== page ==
What Is Grit?

Raise your hand if you want your kids to be successful in life. We all do. Now keep your hand up if you are certain you know the best way to go about it. That’s what I thought…

Popularized by research psychologist Angela Duckworth at the University of Pennsylvania, grit has been defined as a combination of passion and perseverance to accomplish big goals. Talent alone does not make you successful. When scientists look at predictors of success, they rule out things like good looks, physical health, and even intelligence. The best predictor we’ve found for success is the presence of grit. Simply put, grit is the key ingredient for success in life.

The question is – How do we make kids gritty? In her TED Talk, Duckworth remarks that she is asked questions like this every day. “The honest answer is, I don’t know,” she admits, but suggests that growth mindset is a promising start. Duckworth ends her talk with a call, a challenge of sorts, for us to put our best ideas into action. To come up with ways to try to build grit in kids. To measure our effectiveness. To get gritty about making kids gritty.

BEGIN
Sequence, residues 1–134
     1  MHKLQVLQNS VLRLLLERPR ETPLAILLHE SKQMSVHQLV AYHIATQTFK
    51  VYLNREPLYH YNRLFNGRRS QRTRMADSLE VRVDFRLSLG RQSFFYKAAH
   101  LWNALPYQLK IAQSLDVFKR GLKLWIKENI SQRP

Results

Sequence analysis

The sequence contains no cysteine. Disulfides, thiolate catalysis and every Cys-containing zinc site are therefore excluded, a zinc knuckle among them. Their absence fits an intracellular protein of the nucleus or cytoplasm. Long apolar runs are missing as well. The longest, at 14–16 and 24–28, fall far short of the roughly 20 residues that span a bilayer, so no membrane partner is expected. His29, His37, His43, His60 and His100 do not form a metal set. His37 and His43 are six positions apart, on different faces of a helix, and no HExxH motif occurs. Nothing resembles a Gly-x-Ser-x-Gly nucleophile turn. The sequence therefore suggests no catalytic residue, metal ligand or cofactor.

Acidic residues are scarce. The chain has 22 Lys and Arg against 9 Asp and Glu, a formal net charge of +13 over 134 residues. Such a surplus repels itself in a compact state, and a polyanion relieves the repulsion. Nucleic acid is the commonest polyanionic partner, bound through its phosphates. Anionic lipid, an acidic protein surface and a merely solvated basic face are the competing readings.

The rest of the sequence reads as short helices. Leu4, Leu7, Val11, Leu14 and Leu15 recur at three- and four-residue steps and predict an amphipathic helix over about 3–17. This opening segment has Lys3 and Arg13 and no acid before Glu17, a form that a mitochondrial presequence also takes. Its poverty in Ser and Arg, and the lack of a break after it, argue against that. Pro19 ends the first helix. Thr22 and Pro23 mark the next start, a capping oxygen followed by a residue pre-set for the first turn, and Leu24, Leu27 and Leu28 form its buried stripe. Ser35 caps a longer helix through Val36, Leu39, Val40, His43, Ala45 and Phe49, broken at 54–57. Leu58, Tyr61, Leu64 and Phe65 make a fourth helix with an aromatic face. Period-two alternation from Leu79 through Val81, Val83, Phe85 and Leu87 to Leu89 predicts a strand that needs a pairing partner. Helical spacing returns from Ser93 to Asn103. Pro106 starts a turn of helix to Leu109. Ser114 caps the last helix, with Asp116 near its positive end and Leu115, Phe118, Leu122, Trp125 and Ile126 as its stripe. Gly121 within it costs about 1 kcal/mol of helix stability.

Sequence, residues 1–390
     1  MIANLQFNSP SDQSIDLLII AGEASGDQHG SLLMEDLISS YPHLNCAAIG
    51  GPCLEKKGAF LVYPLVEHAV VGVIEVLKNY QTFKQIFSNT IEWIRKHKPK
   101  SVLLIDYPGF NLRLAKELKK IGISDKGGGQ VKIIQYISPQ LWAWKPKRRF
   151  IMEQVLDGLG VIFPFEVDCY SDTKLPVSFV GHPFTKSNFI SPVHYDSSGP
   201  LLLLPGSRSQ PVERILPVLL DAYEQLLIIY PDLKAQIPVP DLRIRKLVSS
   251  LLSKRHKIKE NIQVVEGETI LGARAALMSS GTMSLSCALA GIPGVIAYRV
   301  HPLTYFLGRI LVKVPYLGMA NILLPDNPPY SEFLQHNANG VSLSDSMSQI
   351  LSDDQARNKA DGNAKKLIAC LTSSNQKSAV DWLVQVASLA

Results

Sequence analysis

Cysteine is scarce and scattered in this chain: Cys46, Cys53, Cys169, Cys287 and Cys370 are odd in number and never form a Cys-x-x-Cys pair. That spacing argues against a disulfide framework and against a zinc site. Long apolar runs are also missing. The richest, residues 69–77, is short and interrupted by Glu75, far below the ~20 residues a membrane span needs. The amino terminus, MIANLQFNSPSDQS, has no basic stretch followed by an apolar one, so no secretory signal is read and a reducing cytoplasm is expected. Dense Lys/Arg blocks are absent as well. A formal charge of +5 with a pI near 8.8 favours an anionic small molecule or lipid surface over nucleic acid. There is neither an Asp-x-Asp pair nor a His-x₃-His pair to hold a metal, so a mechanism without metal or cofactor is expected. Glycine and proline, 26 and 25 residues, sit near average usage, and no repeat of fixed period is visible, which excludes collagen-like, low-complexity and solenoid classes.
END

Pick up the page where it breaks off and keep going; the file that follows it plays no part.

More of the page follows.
The Grit Project is answering that call.

We’ve built our definition of grit around three central building blocks. The first is Growth Mindset which was introduced by Carol Dweck at Stanford University. Growth mindset is the belief that your abilities are not set in stone. In essence, if you keep practicing something, you will get better at it. We teach kids how to reframe their thoughts to create growth mindsets.

Our second building block is Goal Directedness. Learning how to set long-term goals and knowing how to break them down into mini-goals is a skill. Tapping into your internal drive and motivation to keep working towards goals is a skill. Being able to bounce back from a temporary failure, embracing and learning from mistakes are skills. And we are teaching all of these.

Our third building block is Interpersonal Effectiveness (EQ). Having good interpersonal skills means that you first understand yourself. You know your own strengths and areas for improvement. You also have the skills to understand and work well with others. We believe you can’t go far alone. Big accomplishments often require many people working together. We teach kids how to do it.

We’re excited to put ourselves out there and share our grit-building programs with the world. Together, let’s make our kids gritty.


About GritDavid Olson